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‘Miracle’ team’s 1980 feats overshadow the ‘red hat’ controversy

1980 U.S. Olympic hockey team captain Mike Eruzione speaks in February 2015 at the Lake Placid Conference Center during a press conference prior to the "Relive the Miracle" reunion to celebrate the 35th anniversary of the "Miracle on Ice" game. (News photo — Lou Reuter)

That’s it! Bring out the asterisk! And put it at the end of the 1980 U.S. Olympic hockey team — not because of gambling or doping or cheating — but because 14 of the 20 players had the nerve to stand on the same stage with President Donald Trump at a political rally in Las Vegas on Feb. 21 while they were in town to celebrate the 40th anniversary of the “Miracle on Ice” game. And most of them wore Trump’s red “Keep America Great” hats.

Hogwash! No asterisk, thank you very much.

“I didn’t think it was possible to tarnish the reputation of the 1980 Olympic hockey team. Until today,” wrote @ProfJeffrey on Twitter.

“It broke my heart to see them there today behind this racist criminal,” wrote @Christin210 on Twitter.

“You are dead to us, there will never be a miracle again just a disgusting embarrassment,” wrote @ChicagoMattP1 on Twitter.

1980 U.S. Olympic hockey team goaltenders Jim Craig, left, and Steve Janaszak get ready to hug onstage in the Olympic Center's Herb Brooks Arena in February 2015 during the "Relive the Miracle" reunion to celebrate the 35th anniversary of the "Miracle on Ice" game. (News photo — Lou Reuter)

And these are tame compared to other tweets.

Rep. Elise Stefanik posted photos of the team onstage with Trump on her Facebook page.

“Thank you, President Trump, for honoring the historic 1980 Miracle Team for the 40th anniversary of the Miracle On Ice!” she wrote.

She garnered some positive comments.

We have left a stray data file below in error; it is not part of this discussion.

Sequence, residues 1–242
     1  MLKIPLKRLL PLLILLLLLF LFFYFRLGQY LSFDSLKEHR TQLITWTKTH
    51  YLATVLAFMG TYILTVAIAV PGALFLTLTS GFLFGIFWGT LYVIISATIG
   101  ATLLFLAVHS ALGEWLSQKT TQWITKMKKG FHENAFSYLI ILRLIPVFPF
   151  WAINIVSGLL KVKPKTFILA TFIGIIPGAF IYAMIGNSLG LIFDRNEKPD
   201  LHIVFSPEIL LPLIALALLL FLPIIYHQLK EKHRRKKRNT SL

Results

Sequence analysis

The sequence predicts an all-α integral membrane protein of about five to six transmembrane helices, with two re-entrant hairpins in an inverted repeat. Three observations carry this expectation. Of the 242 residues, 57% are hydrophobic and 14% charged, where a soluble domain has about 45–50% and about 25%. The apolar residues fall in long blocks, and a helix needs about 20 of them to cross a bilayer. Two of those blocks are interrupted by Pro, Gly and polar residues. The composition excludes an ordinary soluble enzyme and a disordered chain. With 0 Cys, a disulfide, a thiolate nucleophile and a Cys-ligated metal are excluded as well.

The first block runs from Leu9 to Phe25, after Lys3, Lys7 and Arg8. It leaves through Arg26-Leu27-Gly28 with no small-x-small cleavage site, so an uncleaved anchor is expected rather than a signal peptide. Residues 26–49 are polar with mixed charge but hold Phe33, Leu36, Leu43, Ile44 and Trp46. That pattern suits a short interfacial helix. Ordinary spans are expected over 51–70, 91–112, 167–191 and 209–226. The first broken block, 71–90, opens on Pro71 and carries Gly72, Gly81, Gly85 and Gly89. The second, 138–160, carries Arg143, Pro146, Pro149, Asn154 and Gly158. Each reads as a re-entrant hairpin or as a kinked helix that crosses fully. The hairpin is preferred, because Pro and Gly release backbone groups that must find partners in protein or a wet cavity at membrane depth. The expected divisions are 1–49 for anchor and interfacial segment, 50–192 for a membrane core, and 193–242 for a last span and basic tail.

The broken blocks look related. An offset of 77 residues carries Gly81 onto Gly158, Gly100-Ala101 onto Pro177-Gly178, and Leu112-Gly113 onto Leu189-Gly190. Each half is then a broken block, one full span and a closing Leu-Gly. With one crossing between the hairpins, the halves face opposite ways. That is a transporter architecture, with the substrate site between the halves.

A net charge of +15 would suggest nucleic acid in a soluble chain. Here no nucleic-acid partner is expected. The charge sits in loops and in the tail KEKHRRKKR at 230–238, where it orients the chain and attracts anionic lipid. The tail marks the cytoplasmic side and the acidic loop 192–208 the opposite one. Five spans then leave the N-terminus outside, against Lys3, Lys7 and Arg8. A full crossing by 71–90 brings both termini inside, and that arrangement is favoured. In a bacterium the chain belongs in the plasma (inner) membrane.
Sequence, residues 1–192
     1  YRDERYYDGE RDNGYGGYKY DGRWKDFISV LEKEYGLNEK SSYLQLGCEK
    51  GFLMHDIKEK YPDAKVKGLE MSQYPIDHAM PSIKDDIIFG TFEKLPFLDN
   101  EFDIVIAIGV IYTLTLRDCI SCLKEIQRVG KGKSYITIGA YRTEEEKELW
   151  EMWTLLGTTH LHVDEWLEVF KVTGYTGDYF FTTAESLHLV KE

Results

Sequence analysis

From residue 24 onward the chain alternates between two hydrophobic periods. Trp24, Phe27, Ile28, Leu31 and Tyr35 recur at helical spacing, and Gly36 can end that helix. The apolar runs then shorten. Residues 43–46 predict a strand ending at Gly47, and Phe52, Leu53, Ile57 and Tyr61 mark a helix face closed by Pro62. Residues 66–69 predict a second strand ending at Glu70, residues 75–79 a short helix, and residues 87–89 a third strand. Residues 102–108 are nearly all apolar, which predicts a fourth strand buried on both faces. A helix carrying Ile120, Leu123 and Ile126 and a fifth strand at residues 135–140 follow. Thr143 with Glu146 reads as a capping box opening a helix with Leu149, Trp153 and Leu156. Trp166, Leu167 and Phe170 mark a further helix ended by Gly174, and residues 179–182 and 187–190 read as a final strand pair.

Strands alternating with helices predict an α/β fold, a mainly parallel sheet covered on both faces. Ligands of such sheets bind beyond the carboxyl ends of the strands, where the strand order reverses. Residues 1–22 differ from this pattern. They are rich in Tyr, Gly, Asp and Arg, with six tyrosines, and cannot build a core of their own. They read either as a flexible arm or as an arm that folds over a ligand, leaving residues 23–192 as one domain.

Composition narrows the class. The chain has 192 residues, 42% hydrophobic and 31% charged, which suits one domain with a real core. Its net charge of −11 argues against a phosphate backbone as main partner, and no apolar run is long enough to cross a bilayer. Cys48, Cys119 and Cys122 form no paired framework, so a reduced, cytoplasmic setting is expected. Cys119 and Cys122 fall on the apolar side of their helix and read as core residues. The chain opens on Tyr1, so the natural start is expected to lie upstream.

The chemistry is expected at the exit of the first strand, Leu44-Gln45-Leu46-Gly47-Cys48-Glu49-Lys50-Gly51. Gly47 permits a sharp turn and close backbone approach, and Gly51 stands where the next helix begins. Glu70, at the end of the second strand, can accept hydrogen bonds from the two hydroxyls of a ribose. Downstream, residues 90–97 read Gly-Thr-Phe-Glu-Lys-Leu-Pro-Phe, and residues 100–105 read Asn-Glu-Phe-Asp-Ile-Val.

“That’s our President Trump always honoring those who deserve it,” wrote JoAnn Leavitt on Stefanik’s Facebook post.

Some loved it. Some hated it. Some were outraged, and others were outraged by the outrage. That’s par for the course in American politics.

We didn’t like seeing the team used as political props in Las Vegas, no matter what politician was onstage. But would the outrage have been as loud if it were Barack Obama in 2012 instead of Trump in 2020? Probably not.

Good news! This outrage is temporary. It doesn’t take away from the hockey team’s accomplishments in 1980. It doesn’t take away what they gave us that year, a time when Americans were suffering from a “crisis of confidence,” as President Jimmy Carter said in his famous speech on July 15, 1979. They gave us hope, self-confidence and a reminder that anything is possible. That can never be taken away.

As far as we’re concerned, what happened in Vegas can stay in Vegas. After the memory of the Trump rally fades, we’ll still love this team as much as ever. And we’ll welcome them to Lake Placid for the annual fantasy camp in the spring.

Assuming the Trump rally was a mistake — and there are plenty of Republicans out there who think it was not — it won’t tarnish the team’s reputation in the long run.

After all, on the grand scheme of things, this event was really not that important. We have much bigger problems: crime, war, famine, a health care crisis, climate change, pandemics, pollution, etc. Let’s redirect the energy some have used to put down 1980 Captain Mike Eruzione and his teammates and use it to solve these problems instead.